For Dr. William Magee Jr. and his wife Kathy, opening their hearts, being compassionate, and changing lives one smile at a time is what their life’s mission is all about. As a plastic and craniofacial surgeon, William, and Kathy, who is a nurse and clinical social worker, accompanied several other medical volunteers to the Philippines to repair children’s cleft lips and cleft palates. Unable to help all the children in need of surgery, the Magees promised to return—and they did. They started Operation Smile in 1982 and now, with the help of some 6,000 credentialed medical volunteers, Operation Smile is in more than 30 countries, including the U.S., and has helped approximately 300,000 children and young adults with orofacial clefts to smile with confidence.
A Blessing in Disguise
A simple smile can change lives. For Oscar and Devan, Operation Smile changed the entire trajectory of their lives. Oscar was born in Bogota, Colombia, with both a cleft lip and cleft palate. His mother was only 17 and ill equipped to deal with how her son’s condition would affect both of them. Oscar was seen at a state-owned hospital where doctors performed surgery, but they were not cleft specialists, and all the stitches broke open the following day. Oscar’s mother tried a second time for surgery, but the procedure had to be canceled because Oscar had the flu.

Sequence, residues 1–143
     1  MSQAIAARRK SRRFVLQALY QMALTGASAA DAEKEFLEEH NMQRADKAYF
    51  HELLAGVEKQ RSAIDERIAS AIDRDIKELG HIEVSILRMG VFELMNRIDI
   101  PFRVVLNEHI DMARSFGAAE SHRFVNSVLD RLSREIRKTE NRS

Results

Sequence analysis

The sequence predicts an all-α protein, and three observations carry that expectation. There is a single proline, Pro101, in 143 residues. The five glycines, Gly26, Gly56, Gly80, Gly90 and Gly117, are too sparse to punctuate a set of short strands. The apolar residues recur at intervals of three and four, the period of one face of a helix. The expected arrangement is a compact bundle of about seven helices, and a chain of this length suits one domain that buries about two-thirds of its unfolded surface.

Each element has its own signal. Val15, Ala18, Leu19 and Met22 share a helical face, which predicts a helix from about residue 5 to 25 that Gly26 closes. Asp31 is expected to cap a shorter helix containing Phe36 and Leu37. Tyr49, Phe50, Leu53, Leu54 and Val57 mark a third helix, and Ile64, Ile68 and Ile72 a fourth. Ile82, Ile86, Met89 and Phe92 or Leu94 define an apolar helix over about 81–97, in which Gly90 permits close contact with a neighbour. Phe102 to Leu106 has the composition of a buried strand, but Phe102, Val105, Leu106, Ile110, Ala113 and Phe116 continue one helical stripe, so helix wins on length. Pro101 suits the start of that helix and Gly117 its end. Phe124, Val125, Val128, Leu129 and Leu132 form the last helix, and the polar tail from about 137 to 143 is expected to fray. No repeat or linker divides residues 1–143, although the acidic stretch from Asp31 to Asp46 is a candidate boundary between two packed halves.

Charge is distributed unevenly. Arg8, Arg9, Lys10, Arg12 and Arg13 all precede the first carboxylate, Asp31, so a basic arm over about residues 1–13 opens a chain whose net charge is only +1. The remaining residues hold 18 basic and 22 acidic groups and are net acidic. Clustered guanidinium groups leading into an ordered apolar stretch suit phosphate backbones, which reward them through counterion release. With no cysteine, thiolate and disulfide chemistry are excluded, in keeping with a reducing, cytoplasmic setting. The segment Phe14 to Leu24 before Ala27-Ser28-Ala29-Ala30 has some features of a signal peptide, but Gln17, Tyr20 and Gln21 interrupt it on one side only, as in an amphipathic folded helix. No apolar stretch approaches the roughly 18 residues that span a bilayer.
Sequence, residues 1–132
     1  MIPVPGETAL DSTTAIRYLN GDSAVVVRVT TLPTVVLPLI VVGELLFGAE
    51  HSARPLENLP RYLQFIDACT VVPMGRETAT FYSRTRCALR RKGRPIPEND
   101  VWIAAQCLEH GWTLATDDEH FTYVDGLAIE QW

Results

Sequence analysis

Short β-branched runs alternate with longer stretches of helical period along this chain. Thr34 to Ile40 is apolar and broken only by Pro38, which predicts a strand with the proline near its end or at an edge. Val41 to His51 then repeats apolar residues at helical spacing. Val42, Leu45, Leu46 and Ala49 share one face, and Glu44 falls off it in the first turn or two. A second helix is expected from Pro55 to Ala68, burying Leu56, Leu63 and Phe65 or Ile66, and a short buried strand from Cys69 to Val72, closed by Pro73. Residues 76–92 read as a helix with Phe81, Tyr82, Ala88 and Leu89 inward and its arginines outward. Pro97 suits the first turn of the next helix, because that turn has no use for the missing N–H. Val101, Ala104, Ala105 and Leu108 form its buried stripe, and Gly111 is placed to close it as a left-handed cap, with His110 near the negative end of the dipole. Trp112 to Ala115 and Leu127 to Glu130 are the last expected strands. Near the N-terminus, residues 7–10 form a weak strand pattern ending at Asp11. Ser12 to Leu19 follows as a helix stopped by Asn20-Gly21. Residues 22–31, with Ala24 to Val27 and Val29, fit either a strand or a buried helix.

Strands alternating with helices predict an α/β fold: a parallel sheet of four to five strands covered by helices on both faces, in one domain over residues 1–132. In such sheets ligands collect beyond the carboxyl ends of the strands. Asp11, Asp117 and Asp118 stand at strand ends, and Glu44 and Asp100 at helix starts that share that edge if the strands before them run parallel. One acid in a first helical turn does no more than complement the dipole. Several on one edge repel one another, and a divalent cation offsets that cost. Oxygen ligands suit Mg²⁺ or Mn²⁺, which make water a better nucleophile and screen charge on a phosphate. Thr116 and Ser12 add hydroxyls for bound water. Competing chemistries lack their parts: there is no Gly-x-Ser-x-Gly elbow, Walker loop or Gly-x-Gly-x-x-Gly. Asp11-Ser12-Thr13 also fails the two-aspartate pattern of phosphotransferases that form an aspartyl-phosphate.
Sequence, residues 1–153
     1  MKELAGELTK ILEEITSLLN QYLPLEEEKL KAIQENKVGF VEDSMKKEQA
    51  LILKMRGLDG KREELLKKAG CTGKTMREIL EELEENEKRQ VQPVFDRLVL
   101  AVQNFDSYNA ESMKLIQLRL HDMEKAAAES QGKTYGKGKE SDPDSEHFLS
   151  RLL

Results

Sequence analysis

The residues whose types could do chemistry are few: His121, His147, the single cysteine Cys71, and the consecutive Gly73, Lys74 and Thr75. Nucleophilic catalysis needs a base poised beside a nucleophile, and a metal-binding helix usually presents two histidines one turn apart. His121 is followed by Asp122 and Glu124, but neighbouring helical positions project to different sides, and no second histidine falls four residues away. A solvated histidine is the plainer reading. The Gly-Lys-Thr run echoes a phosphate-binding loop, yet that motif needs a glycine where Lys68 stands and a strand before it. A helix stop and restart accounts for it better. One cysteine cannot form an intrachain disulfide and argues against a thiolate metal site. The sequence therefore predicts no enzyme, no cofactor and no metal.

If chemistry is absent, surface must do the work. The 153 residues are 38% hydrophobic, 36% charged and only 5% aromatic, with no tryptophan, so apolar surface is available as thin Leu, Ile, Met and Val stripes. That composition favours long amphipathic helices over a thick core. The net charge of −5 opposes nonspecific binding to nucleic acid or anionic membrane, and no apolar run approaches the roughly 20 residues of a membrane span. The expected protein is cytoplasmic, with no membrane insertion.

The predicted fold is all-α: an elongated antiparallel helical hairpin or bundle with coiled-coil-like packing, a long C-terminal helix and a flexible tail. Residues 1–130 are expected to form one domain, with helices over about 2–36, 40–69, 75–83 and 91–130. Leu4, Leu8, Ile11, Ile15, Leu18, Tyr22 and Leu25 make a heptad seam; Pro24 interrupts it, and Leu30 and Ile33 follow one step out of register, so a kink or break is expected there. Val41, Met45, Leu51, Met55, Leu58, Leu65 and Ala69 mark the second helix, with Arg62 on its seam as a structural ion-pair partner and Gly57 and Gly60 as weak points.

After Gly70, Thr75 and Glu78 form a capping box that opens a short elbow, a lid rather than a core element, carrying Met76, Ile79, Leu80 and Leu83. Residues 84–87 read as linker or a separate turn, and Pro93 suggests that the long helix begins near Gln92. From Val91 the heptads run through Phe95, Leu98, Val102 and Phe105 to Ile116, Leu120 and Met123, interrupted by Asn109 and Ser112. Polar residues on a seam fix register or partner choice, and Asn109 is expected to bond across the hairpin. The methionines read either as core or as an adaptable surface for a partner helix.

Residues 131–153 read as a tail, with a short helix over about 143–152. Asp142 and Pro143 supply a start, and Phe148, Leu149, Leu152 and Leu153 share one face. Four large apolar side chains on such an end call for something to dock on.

This turned out to be a blessing for both Oscar and his mother since someone soon mentioned Operation Smile. Oscar’s mother said that when they first entered the doors of the hospital where Operation Smile was working, everything changed.
Operation Smile is dedicated to not only taking care of the patient but their family as well. They have comprehensive care centers around the world, and after surgery, they offer speech therapy, nutritional therapy, and psychological therapy. Both Oscar and his mother received the help, love, and compassion they were in desperate need of before and after Oscar’s surgery. In 2019 Oscar graduated from Universidad El Bosque with a bachelor’s degree in bilingual education. Oscar aspires to move to the United States as an ESL teacher for children who are native Spanish speakers. Oscar said, “Operation Smile has meant very much to me. They gave me the tools and motivation to improve my life, to live a life with higher quality. Without exaggerating, I have Operation Smile to thank for almost everything in my life. They were there by my side, all the time, through the treatment and into my social integration.”